Pope Francis urged governments to do more to fight climate change and protect “our common home” as improving weather conditions Friday helped firefighters contain wildfires in Greece, Italy and other countries in southern Europe.
Francis, who has been outspoken on environmental issues, sent a telegram of condolences to Greece, where wildfires killed five people over the past week, including the pilots of a water-dropping aircraft.
The pope noted that successive heat waves have exacerbated the dangers of the summer fire season. He offered his prayers for firefighters and emergency personnel in particular.
“[I hope] that the risks to our common home, exacerbated by the present climate crisis, will spur all people to renew their efforts to care for the gift of creation, for the sake of future generations,” Francis said.
Fueled by the heat waves and strong gusts of wind, wildfires in Europe’s Mediterranean region have kept travelers and residents on alert. In Greece, fires scorched hundreds of square kilometers of land outside Athens, on the island of Rhodes and elsewhere this month.
As the situation improved considerably on Friday, Greece’s minister for the police unexpectedly stepped down, citing “personal grounds.” Greek media said Notis Mitarakis’ resignation was requested after it emerged he had been on a family holiday during the wildfire crisis.
The main opposition SYRIZA party issued a statement accusing the centre-right government of using “personal grounds” as a euphemism for “(Mitarakis’) holidays while the country was burning from end to end.”
In central Greece, authorities maintained an exclusion zone around one of the country’s largest air force bases after a wildfire triggered powerful explosions at a nearby ammunition depot Thursday. Fighter jets stationed at the 111th Combat Wing base were moved to other facilities.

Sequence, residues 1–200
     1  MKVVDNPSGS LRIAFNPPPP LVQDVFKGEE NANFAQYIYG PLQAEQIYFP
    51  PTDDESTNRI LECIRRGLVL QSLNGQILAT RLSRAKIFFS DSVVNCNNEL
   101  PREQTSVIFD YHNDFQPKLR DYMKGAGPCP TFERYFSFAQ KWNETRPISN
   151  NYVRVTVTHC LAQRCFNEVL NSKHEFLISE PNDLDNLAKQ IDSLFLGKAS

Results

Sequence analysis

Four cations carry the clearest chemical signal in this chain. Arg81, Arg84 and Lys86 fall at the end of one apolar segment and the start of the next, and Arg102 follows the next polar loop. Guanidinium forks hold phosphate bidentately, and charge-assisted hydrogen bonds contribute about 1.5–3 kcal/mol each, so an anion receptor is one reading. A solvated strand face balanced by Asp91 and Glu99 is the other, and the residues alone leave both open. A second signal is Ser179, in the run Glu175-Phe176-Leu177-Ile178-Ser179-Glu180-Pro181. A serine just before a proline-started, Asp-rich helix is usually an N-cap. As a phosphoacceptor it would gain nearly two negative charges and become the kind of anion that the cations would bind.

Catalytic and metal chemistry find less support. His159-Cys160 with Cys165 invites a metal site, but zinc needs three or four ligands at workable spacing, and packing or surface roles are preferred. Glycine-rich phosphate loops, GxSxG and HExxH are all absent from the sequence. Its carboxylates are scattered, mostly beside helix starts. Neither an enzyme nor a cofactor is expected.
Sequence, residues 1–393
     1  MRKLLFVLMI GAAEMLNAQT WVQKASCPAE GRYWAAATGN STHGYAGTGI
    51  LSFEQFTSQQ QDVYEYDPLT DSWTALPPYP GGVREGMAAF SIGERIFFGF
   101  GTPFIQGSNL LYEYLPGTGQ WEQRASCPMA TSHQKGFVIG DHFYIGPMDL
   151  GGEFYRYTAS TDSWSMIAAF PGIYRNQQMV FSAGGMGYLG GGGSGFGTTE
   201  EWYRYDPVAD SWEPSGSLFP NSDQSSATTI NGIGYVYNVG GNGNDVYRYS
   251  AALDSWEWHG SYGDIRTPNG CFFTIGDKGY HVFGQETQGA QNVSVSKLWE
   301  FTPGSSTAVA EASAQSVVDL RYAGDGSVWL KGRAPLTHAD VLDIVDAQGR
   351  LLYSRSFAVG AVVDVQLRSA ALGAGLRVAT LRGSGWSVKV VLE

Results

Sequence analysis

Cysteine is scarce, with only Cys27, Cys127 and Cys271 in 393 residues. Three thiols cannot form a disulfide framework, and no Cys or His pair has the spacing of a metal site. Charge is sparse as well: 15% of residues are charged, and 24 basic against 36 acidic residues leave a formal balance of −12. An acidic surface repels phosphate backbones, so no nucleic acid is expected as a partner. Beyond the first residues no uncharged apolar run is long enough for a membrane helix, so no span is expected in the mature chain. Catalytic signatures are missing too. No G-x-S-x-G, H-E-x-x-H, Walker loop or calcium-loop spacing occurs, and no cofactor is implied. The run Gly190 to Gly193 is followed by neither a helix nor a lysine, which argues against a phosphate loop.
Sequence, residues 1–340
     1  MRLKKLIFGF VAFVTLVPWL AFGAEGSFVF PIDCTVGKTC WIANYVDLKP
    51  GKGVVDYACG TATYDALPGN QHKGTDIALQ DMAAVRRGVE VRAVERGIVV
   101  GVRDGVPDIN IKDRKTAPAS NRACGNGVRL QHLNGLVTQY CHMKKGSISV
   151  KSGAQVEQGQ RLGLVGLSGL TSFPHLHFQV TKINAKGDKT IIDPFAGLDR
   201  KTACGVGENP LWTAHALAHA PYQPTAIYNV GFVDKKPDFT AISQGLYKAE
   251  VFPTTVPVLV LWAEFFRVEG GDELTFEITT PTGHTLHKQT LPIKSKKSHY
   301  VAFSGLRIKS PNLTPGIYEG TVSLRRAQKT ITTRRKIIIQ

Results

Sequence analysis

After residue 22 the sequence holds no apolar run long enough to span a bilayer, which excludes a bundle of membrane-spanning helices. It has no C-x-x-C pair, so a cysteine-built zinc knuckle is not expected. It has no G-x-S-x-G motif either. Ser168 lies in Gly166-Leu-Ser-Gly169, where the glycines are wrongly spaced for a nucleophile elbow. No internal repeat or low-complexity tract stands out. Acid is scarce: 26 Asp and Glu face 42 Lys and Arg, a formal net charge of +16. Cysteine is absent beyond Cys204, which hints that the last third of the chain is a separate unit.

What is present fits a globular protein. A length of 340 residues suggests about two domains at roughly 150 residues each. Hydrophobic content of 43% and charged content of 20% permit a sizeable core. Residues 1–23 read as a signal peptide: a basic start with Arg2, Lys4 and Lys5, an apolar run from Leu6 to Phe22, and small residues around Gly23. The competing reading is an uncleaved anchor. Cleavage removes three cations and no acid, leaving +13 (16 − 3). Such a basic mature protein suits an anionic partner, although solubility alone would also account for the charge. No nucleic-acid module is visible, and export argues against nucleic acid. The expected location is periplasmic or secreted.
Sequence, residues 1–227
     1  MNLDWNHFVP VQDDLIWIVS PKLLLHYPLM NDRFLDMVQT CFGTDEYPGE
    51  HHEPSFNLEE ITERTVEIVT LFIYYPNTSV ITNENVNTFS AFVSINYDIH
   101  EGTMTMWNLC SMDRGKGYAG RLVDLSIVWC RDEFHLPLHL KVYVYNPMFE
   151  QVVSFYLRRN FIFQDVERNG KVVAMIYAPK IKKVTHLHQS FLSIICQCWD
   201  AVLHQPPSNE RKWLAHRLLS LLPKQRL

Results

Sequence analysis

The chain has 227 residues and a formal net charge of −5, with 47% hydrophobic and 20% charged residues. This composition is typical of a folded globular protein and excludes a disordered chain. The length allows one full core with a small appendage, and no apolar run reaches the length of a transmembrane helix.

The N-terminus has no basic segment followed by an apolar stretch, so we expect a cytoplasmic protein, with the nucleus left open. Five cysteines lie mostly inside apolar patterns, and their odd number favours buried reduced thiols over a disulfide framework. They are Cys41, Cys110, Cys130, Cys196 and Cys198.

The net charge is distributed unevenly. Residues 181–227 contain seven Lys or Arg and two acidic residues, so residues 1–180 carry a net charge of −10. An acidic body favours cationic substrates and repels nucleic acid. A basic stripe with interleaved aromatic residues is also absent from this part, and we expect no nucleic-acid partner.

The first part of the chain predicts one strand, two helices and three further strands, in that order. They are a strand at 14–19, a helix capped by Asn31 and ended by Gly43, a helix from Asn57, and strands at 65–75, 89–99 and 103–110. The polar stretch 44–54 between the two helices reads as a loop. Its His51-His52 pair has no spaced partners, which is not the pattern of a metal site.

The depot blasts near the central city of Volos shattered windows in nearby towns and prompted the evacuation of more than 2,000 people. Local news broadcasts showed a ground-shaking fireball erupting.
Residents were rushed onto private boats mobilized by the coast guard and taken to a conference centre in Volos, some 20 kilometres from the weapons storage site. A civilian traffic ban and evacuation order remained in effect Friday within a 3-kilometer radius of the depot.
The explosions did not affect flights at Volos international airport, officials told The Associated Press.
Firefighting teams in Turkey also brought a wildfire burning close to the southern Mediterranean resort of Kemer under control, four days after it erupted, Ibrahim Yumakli, the country’s forestry minister, said.
The governments of the countries hit by heat waves and fires have steered public debate away from the potential impact on tourism. Rhodes, where a fire last weekend required about 19,000 people to be evacuated from several locations on the island, was promised state support Friday for its international advertising campaign.
In Germany, Health Minister Karl Lauterbach sought Friday to address Italian irritation over a mid-July social media post in which he described the heat wave he encountered on a visit to Italy as “spectacular” and added that “if it goes on like this, these vacation destinations will have no future in the long term.”
Lauterbach told reporters in Berlin that he wasn’t warning against vacations in southern Europe and plans to visit Italy again himself.
“Of course, it is more difficult now for the southern countries to organize heat protection in such a way that it is also accessible for every tourist, but I think those countries will know exactly what they have to do,” he said.
Vassilis Kikilias, the Greek minister for climate change and civil protection, said fires had burned 400 square kilometres of land in the country in July alone, while the recent average is 500 square kilometres in a year.
“Is the situation any better in other countries bordering the Mediterranean? It’s a fair question … but the answer is no,” Kikilias said.
“The climate crisis that brought us this unprecedented heat wave is here. It’s not a theory. It is our actual experience,” he said. “This is not something that will just occur this year. It will last and we have to face the consequences of what that means.”